The original article was published in LinkedIn on Jan 8, 2017.Pierre F. Roux
As the industry slowly recovers from an unprecedented downturn, it has become clear that the U.S. unconventional plays have become a key player in the worldwide upstream sector. And with it, there’s a cohort of technologies that should enable a leap in ROIs and unlock these resources across the world through a better understanding of what is at stake.
As 2017 opens, it felt it was a good time to reflect on the place “passive monitoring” currently has in the O&G industry, and why it seems it will (or at least, should) play a growing role in the exploration and improvement of unconventional resources.
The Growing Importance Of "Passive Seismic"
First and foremost, some figures: there has been 7 sessions on passive seismic during this year’s SEG Annual Meeting, omitting the papers that dealt with acquisition and that were not scheduled in passive-seismic dedicated sessions (such as Jia et al. ’s on surface patch acquisition design) and the special session on Induced Seismicity and two dedicated after-event workshops. This proves, if need be, how passive seismic in general – and microseismic monitoring in particular – has become a central geophysics topic, at least in North America.
Yet, microseismic monitoring has suffered from the downturn to a great extent, as operators (and particularly the stimulation and reservoir engineers in the room) have been steering away from it. Indeed it wouldn’t give them more information than they already had. The promises microseismic monitoring held haven’t been met, and the industry failed at managing non-specialists’ expectations.
In other words: microseismic monitoring has been way oversold.
Understanding the Physics: Do Not Overlook The Hydraulic Fracture!
The past couple of years have seen a growing body of researchers trying to better understand what drives microseismicity. It is now clear that it isn’t as simple as was initially thought: there is a plurality of mechanisms that are not clearly understood or even known (aseismic slip, plasticity, etc.), and many of these may have a different weight in the overall process depending on the basin or even where we stand along a lateral. In fact, because the primary goal was to sell a value proposition, most companies have overlooked what should be at the heart of our activity: trying to understand the many observations we have.
First articles published on hydraulic fracture monitoring hypothesized that microseismic events would be generated by mode I mechanisms (i.e. the opening of said fracture); yet, the ratio of S- to P-wave amplitudes clearly indicated those events where caused by shear failure rather than tensile failure [Pearson, 1981]. Further to this, the energy released via seismicity is infinitesimal when compared to the energy input for hydraulic fracture creation and propagation [Goodfellow et al., 2015].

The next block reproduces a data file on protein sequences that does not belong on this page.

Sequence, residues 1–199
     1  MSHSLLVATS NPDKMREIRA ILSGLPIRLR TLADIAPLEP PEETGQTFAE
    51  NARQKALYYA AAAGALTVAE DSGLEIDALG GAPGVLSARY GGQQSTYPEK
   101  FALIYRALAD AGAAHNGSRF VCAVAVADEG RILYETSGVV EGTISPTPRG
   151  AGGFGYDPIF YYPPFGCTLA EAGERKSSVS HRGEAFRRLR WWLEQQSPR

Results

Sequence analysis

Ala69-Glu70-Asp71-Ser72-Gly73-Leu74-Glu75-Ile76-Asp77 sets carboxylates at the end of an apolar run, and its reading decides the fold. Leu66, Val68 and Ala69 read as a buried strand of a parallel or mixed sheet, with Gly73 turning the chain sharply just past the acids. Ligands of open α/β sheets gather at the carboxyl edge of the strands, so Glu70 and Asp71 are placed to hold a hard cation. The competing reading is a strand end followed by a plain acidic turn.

Along the same line of thought, take the concept of SRV (Stimulated Reservoir/Rock Volume) as defined by geophysicists (and not reservoir engineers). It was thought to be a measure of the contacted reservoir, thus providing information on productivity of a given well. Yet it has proven to be particularly off is many instances – take a look at [Cipolla and Wallace, 2014] for a detailed and fascinating discussion on this topic.
This proves, if need be, that microseismicity is the expression of the interaction between the hydraulic fracture propagation and the formation – and not a measure of the hydraulic fracturing processes per se.
Admitting Our Ignorance
The O&G industry has been pushing service companies and specialists to rationalize microseismicity and to make it “an engineering tool” able to provide qualitative information on the stimulation and the resulting production, all of it as a standalone measurement.
I would claim that, given our (current) limited understanding of the mechanisms driving microseismicity, it is unreasonable to build complex, engineered interpretations solely using microseismic information. Ongoing research will however strengthen our understanding, up to a point where, maybe, we will be able to use it to its full potential.
Accepting What Microseismicity Is NOT
Accepting that microseismicity (1) isn’t self-sufficient and (2) that it needs to be integrated with other measurements (such as image logs to infer fracture density, near-wellbore acoustic images of fractures, seismic reservoir characterization, etc.) into a single framework (a full-blown geomechanical model) should highlight that microseismic monitoring remains the only far-field, real-time measurement of hydraulic stimulation.
As such, it should definitely be a need to have rather than a good to have.
Cipolla, C., and J. Wallace (2014), Stimulated Reservoir Volume: A Misapplied Concept?, in SPE Hydraulic Fracturing Technology Conference, edited, Society of Petroleum Engineers, The Woodlands, Texas, USA.
Goodfellow, S. D., M. H. B. Nasseri, S. C. Maxwell, and R. P. Young (2015), Hydraulic fracture energy budget: Insights from the laboratory, Geophysical Research Letters, 42(9), 3179-3187, doi: 10.1002/2015gl063093.
Jia, T., C. Regone, J. Yu, A. Gangopadhyay, R. Pool, C. Melvin, and S. Michell (2016), Microseismic surface patch array: modelling and velocity estimation using ambient noise, in SEG Annual Meeting, edited, Society of Exploration Geophysicists, Dallas, TX, USA.
Pearson, C. (1981), The relationship between microseismicity and high pore pressures during hydraulic stimulation experiments in low permeability granitic rocks, Journal of Geophysical Research: Solid Earth, 86(B9), 7855-7864, doi: 10.1029/JB086iB09p07855.
* Special thanks to Mr. Roux who shared this article on our blog.